MGH and the rise of psych meds

Tuft psychiatrist and blogger Daniel Carlat details how his education at Mass General focused on medication over therapy. In tomorrow’s NYTimes Magazine features his story  “Mind over Meds: How I decided my psychiatry patients needed more from me than prescriptions.”

He takes us back to MGH to explain.

 …(On)a steamy July day in 1992, I stood on a Boston street, far from home, gazing at Massachusetts General Hospital (known as M.G.H.), where I was about to start my training.

This was a momentous time at M.G.H. Prozac was introduced four years earlier and became the best-selling psychiatric medication of all time. Zoloft and Paxil, two similar medications, were in the pipeline, and many of the key clinical trials for these antidepressants were conducted by psychiatrists at M.G.H. who were to become my mentors. M.G.H. and other top programs were enthralled with neurobiology, the new medications and the millions of dollars in industry grants that accompanied them. It was hard not to get caught up in the excitement of the drug approach to treatment. Psychopharmacology was infinitely easier to master than therapy, because it involved a teachable, systematic method. First, we memorized the DSM criteria for the major disorders, then we learned how to ask the patient the right questions, then we pieced together a diagnosis and finally we matched a medication with the symptoms.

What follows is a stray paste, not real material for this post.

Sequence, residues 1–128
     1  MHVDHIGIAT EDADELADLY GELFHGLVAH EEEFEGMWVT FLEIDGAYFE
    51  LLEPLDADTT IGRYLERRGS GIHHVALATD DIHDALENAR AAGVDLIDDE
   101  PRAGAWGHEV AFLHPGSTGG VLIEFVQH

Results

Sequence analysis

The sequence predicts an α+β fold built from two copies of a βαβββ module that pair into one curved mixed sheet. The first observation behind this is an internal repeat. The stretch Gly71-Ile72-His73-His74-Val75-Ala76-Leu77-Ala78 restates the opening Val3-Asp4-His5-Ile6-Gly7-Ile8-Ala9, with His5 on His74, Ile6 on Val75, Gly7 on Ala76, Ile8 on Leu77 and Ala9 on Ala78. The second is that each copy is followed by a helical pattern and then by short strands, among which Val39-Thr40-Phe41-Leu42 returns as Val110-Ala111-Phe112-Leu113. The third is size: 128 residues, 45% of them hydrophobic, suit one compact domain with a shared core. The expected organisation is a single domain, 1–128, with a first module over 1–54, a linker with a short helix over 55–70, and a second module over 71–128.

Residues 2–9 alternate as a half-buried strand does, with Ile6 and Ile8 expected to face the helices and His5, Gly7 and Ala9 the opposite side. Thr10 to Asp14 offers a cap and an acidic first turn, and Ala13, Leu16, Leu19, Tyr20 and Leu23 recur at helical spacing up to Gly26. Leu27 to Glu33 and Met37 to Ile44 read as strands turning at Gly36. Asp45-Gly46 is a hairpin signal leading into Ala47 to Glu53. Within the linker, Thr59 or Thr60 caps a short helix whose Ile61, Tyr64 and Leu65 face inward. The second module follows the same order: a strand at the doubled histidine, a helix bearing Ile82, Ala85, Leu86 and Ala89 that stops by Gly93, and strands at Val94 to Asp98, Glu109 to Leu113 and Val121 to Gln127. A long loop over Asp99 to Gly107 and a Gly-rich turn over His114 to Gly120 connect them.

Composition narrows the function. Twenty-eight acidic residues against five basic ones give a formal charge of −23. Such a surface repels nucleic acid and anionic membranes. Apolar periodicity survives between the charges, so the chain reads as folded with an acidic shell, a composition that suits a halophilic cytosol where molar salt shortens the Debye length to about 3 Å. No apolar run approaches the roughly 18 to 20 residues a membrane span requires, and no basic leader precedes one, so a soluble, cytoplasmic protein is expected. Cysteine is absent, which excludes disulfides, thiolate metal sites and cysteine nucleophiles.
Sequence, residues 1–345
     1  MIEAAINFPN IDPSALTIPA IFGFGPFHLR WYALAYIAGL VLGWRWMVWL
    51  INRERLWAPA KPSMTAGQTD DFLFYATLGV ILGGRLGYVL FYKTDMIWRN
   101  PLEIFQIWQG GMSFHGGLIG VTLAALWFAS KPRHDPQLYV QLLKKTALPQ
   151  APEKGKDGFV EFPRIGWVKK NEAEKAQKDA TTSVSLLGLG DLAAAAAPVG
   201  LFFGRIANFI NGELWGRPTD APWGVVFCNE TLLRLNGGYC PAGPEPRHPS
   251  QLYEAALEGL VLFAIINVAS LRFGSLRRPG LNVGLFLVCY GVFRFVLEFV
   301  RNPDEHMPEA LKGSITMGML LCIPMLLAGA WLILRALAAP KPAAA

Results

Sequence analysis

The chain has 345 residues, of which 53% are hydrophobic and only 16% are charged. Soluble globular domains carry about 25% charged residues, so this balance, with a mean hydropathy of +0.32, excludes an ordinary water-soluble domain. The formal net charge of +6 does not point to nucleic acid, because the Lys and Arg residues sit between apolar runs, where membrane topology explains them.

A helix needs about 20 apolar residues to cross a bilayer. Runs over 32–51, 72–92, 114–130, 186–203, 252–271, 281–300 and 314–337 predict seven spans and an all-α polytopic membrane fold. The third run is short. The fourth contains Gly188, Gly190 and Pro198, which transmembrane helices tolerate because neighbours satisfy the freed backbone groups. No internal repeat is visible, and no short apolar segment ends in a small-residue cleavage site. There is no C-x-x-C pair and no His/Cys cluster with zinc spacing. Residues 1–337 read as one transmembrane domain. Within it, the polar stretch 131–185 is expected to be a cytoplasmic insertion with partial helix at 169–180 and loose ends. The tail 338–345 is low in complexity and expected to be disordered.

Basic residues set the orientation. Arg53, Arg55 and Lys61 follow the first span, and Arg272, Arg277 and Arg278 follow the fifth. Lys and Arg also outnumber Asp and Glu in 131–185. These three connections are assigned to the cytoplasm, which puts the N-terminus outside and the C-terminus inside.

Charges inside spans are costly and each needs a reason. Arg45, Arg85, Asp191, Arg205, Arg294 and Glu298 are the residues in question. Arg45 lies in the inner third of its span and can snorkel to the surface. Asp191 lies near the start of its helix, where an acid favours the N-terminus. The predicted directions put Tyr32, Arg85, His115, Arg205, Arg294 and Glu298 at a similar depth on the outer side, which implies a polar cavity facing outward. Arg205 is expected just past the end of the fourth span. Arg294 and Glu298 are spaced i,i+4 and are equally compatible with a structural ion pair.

BHN links to his blog — to your right —  at  “Pharma and med ed

For more on MGH psychiatrists’ excitement over those industry grants, see The Boston Globe’s reporting on pharma funding and conflicts of interest at MGH.